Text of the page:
The Friday Letter Archive

A collection of the president's weekly messages to the Vandal family

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Friday Letter 2014-11-07

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Dear Friends,
 
One of the pressing challenges in our state — and a broader regional and national trend — is a troubling shortfall in the number of physicians available to attend to a growing and aging population.
 
You may have heard me jokingly mention that when I moved to Idaho with my wife, Mary Beth, I did my part to address the physician shortage in Idaho. As Mary Beth practices as a hospitalist, fully half the people involved in our move to Idaho are medical doctors.
 
Of course, that’s hardly a scalable approach to a challenge of this magnitude. The state of Idaho actually ranks 49th nationwide in physicians per capita, a deficit that is particularly pronounced and felt in our many rural communities. The shortage means reduced access to medical care, including preventative care that keeps minor health concerns from becoming major challenges, creating a ripple effect of economic and societal consequences.
 
Our opportunity to address this shortage in a meaningful way is through expanded access to medical training.
 
The University of Idaho leads on this issue through participation in a joint medical program through the University of Washington called WWAMI — short for Washington, Wyoming, Alaska, Montana and Idaho. While there has been a split between Washington State University and the University of Washington — the former is pulling out of WWAMI to embark on its own medical training program in Spokane — WWAMI remains an ideal fit for the University of Idaho in many ways.
 
The WWAMI program is Idaho’s medical school, holding its doors open to aspiring doctors from our state since 1971. Nearly 300 Idaho WWAMI students have returned to Idaho to practice medicine, armed with the very best medical education — according to U.S. News and World Report’s most recent rankings, the University of Washington ranked No. 1 for primary care, No. 1 for family medicine, and among the best in many other specialties.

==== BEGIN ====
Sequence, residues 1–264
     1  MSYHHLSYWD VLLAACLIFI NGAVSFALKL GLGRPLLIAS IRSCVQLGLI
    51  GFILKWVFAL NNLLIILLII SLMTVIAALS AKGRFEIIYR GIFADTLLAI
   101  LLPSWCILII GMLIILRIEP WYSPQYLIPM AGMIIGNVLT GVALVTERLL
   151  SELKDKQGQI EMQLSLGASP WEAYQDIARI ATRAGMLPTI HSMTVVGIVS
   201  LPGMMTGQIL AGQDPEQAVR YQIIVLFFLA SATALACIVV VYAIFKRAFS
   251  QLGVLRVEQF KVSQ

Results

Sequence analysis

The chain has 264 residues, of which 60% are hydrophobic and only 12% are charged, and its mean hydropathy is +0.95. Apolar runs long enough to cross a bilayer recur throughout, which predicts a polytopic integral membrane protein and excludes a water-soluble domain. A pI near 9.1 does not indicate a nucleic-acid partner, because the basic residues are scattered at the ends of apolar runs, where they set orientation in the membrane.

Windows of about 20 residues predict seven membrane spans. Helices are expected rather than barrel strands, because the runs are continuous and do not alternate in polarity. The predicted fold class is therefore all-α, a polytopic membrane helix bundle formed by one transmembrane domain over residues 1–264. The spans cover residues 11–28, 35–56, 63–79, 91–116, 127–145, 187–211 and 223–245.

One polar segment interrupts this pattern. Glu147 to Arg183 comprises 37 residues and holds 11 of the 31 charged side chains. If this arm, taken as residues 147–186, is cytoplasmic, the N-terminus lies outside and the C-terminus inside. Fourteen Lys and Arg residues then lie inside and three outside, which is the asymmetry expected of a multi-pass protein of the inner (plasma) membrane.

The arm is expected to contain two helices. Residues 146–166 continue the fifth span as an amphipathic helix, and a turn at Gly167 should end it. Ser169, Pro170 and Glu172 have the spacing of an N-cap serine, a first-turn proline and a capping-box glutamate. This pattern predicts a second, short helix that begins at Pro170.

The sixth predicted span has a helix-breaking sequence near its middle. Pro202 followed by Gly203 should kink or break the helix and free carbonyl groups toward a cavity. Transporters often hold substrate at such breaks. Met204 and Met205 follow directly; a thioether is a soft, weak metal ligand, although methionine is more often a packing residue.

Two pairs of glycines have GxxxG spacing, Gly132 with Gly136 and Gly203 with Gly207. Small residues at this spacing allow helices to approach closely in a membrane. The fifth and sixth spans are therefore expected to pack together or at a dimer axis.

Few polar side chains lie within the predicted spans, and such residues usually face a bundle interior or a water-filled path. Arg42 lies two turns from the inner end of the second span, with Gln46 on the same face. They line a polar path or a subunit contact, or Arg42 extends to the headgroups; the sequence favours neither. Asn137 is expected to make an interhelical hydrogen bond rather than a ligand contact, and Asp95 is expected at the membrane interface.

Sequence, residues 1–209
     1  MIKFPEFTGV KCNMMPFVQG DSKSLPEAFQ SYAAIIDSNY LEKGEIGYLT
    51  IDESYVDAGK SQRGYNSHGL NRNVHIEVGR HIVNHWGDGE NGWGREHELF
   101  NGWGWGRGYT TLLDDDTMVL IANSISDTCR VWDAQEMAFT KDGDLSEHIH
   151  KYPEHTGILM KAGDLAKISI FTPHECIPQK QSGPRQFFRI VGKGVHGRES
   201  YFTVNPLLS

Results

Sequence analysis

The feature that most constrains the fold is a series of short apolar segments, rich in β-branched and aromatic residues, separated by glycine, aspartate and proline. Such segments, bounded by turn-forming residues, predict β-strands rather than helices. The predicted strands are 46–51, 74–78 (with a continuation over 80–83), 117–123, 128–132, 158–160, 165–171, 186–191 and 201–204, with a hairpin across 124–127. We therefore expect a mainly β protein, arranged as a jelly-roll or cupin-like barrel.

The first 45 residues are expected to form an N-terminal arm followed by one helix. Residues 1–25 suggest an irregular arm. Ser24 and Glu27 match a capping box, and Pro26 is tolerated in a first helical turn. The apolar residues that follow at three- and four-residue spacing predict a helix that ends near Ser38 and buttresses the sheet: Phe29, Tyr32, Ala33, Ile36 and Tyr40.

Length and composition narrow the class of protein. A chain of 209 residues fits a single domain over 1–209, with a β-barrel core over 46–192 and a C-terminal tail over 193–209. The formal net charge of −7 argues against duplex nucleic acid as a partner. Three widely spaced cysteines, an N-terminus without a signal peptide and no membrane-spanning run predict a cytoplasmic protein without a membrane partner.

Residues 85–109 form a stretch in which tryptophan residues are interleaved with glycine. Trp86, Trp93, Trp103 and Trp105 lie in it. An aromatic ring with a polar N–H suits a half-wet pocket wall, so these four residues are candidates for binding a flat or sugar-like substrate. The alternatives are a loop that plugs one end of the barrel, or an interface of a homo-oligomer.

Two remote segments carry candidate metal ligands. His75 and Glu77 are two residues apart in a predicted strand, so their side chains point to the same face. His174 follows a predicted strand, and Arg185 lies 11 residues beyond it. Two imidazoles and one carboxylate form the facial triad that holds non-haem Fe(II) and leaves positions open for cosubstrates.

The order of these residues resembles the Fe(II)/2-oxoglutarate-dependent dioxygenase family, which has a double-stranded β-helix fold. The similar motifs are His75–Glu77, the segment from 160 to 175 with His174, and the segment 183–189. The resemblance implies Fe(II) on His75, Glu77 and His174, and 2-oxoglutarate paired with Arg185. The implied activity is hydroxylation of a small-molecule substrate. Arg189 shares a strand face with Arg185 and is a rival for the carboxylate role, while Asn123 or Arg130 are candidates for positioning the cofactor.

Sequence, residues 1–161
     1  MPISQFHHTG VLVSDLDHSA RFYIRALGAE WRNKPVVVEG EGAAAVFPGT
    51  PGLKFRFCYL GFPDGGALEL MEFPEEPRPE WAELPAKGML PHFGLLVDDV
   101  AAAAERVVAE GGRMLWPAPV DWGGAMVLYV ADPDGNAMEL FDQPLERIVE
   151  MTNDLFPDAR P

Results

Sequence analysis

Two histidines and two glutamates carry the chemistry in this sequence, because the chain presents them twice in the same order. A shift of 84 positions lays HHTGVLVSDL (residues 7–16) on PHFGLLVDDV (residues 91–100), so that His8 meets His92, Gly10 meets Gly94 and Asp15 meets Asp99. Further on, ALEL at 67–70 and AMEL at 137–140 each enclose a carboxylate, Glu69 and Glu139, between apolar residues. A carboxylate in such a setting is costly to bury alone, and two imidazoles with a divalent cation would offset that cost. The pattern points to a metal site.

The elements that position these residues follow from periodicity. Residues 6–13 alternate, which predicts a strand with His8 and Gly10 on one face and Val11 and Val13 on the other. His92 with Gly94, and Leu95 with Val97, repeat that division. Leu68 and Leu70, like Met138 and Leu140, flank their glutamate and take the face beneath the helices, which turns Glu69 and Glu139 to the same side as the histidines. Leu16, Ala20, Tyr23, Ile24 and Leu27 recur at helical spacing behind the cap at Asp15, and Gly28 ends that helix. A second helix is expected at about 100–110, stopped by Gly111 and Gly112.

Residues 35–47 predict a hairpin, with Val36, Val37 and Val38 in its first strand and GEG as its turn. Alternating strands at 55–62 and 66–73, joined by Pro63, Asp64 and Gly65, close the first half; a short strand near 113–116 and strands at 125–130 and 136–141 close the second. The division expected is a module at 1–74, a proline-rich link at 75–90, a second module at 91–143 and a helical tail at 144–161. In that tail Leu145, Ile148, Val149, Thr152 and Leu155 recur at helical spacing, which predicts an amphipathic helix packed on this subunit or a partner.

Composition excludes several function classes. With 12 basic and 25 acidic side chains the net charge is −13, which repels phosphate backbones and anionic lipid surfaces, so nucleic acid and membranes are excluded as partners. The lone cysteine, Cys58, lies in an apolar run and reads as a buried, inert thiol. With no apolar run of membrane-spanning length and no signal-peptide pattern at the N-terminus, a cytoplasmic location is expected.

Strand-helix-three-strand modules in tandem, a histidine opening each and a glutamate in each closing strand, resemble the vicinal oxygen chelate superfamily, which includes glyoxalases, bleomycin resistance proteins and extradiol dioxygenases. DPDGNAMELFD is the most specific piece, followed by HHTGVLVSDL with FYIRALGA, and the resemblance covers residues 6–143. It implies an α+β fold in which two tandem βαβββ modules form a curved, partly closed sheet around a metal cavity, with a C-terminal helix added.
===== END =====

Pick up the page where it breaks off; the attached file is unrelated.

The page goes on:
Recognizing the looming physician shortage, in 2009 the Idaho State Board of Education established a goal of moving from 20 to 40 seats for Idaho students in the WWAMI program. Last year we reached 30 seats. This year, we are seeking continued funding for last year’s seats, as well as five additional seats for a total of 35. Our request has been approved by the State Board of Education and will go before the state legislature in the spring.
 
This is important progress we need to make — the health and prosperity of our state depends on it.
 
More than 50 percent of the students we send to WWAMI eventually practice medicine in Idaho — a very high rate of return. One such student is Grangeville’s Lee Spencer. Lee is a participant in the Targeted Rural and Underserved Students (TRUST) track of the WWAMI program. The TRUST track connects underserved, often rural communities with aspiring doctors. Students from Idaho can complete their first 18 months in Idaho, then head to Seattle for a year before choosing locations for residencies.
 
Lee would like to return to Idaho to practice in a rural community like the one where he grew up.